The Price of Privilege By Madeline Levine, Ph.D.
Our parenting style and homeschool philosophy were affirmed in reading this book. Here are some excerpts from the book.
“We are overly concerned with “the bottom line,” with how our children “do” rather than with who our children “are.””
“Perhaps the single most important ritual a family can observe is having dinner together. Families who eat together five or more times a week have kids who are significantly less likely to use tobacco, alcohol, or marijuana, have higher grade-point averages, less depressive symptoms, and fewer suicide attempts than families who eat together two or fewer times a week.”
“When external measures of success are all that kids can think about, their ability to find meaning in their work is diminished… What they really need is to be educated about the values of perseverance and perspective, and to understand that learning and performance are not always the same thing. They need to see that their parents value effort, curiosity, and intellectual courage… Studies show that children who are internally motivated ont only learn more and perform better, but, perhaps most important, they enjoy their work more, making it more likely that they will be willing and eager to try their hand at increasingly difficult challenges.”
“A child who consistently gazes into loving eyes, into eyes that notice and take pleasure in his uniqueness, is being helped to develop a healthy sense of self.”
“Kids play because they are driven to touch, taste, manipulate, explore, and confront their environment. Parental involvement for safety reasons is essential. However, when parents become overly involved, play no longer retains its function as an activity where children develop independence, competence, and a sense of control, and instead becomes another arena in which children become overly dependent.”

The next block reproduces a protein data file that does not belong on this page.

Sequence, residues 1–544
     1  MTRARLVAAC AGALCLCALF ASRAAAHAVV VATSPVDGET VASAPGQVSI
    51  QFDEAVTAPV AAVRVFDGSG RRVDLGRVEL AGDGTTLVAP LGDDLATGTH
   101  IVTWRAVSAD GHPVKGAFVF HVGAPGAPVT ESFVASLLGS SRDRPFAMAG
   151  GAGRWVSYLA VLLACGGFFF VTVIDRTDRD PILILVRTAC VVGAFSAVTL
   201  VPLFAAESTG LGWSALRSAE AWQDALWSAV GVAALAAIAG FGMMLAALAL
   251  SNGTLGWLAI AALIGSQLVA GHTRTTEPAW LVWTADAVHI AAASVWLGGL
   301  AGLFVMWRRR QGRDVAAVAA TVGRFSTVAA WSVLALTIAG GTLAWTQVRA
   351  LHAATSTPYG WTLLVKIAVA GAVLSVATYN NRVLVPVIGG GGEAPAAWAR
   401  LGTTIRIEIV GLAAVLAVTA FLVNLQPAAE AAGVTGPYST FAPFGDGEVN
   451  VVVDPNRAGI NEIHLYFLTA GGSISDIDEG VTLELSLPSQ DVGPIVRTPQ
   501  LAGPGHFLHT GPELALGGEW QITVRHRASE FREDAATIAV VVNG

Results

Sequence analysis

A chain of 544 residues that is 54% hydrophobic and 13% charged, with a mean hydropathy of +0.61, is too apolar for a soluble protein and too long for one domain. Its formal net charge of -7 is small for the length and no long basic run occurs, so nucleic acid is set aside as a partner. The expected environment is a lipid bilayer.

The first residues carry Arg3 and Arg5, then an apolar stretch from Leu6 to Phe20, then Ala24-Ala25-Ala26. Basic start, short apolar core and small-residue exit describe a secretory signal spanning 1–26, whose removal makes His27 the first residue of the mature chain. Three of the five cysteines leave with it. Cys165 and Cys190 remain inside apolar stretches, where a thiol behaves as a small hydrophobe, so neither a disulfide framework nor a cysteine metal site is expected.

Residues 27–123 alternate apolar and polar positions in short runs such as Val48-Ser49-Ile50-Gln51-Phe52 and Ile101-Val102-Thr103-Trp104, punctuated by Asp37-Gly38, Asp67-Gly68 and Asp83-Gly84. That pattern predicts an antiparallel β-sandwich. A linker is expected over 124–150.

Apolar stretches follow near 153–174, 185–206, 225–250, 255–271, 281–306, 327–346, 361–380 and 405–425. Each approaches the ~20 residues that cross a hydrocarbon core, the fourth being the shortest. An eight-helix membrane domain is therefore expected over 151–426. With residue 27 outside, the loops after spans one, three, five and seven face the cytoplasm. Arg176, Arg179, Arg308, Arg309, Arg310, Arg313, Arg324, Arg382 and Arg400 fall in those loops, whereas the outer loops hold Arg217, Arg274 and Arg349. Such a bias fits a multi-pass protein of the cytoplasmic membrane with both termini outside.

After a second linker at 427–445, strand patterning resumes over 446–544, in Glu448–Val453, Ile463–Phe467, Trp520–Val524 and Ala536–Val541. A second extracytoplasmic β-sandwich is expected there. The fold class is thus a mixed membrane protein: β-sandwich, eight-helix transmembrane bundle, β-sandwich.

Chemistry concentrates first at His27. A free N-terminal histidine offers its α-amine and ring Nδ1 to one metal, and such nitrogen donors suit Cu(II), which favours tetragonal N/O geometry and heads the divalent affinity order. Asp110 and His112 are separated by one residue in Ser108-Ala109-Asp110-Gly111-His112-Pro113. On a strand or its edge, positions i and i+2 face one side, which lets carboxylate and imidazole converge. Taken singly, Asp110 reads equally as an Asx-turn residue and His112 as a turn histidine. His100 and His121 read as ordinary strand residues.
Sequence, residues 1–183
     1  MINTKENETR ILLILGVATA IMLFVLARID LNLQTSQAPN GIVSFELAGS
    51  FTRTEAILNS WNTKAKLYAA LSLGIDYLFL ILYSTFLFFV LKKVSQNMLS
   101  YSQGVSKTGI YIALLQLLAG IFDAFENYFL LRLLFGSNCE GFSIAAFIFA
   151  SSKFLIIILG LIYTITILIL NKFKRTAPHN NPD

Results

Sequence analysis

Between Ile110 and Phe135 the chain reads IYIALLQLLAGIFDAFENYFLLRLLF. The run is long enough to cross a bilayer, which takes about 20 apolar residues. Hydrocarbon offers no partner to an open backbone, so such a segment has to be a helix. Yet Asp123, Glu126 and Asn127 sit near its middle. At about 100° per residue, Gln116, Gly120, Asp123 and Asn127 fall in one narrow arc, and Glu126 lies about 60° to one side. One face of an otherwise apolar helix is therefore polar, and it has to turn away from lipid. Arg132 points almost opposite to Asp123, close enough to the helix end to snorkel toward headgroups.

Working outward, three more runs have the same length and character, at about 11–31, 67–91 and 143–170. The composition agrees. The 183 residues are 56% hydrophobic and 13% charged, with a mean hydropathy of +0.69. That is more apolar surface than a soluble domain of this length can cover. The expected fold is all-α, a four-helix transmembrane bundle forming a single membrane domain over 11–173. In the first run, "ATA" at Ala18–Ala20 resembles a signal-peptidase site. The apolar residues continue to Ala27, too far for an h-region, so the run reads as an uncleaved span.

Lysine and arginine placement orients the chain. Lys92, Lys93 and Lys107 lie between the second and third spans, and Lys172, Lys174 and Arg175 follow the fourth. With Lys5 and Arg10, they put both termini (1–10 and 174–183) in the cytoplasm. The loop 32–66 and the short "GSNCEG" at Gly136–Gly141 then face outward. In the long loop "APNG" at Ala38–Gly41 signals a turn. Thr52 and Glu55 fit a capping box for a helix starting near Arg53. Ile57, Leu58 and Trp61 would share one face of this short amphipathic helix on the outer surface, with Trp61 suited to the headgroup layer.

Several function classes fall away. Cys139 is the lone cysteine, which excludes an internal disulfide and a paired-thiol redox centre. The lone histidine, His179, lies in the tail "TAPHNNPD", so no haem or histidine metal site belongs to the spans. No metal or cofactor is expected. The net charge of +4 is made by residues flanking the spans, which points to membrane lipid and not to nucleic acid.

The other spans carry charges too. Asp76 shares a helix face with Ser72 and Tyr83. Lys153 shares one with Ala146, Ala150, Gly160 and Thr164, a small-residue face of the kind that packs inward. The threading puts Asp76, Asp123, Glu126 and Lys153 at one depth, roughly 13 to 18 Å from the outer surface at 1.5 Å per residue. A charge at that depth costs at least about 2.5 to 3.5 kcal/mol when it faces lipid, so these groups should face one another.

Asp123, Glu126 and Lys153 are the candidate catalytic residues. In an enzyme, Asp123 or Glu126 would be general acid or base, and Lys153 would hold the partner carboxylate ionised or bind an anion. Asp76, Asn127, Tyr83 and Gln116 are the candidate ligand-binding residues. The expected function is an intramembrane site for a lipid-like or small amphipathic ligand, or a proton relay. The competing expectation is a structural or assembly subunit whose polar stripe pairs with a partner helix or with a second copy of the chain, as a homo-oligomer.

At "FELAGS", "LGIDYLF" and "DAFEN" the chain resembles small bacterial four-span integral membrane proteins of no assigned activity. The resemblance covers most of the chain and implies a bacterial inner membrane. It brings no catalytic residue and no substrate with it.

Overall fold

“Researchers have shown that children as young as four years old who can control their impulse to eat sweets placed in front of them are more likely to be both academically and socially successful a decade later!”
“By allowing them to get occasionally bruised in childhood we are helping to make certain that they don’t get broken in adolescence. And by allowing them their failures in adolescence, we are helping to lay the groundwork for success in adulthood.”
“Worrying that kids won’t be able to maintain their grades if they are expected to straighten their room, set the table, take out the garbage, and do whatever else is appropriate for their age and needed by the family (wash the car, walk the dog, mow the lawn) is a sign of misplaced priorities.”
“Children need to see that we value their character first, their effort second, and then their grades.”
“Authoritative parents are concerned with things other than simple compliance or being “pals” with their kids. They place a high value on cooperation, social responsibility, and self-regulation, and their children then to be socially adept and responsible. They also value achievement and self-motivation but do not overly emphasize competition. Authoritative parents promote autonomy by encouraging their children to figure out how to approach challenges on their own, rather than prematurely stepping in and problem-solving for them.”
“While most research has focused on the value of maternal warmth… a father’s warmth and acceptance are strong predictors of academic success, social competence, and a low incidence of conduct problems in adolescence.”
“A child who is constantly admired for a particular skill frequently becomes less interested in trying out new things.”
“We can be myopic when we insist that high grades, well-known schools, or particular professions are the royal road to happiness. A life well lived takes many forms. Carlos Castaneda cautioned: “All road are the same… Choose the one with heart.” “Heart” differs for each of us, and when we insist that our children be gratified by the same things that have gratified us, then we limit the roads they can travel on, road that may be closer to their own hearts.”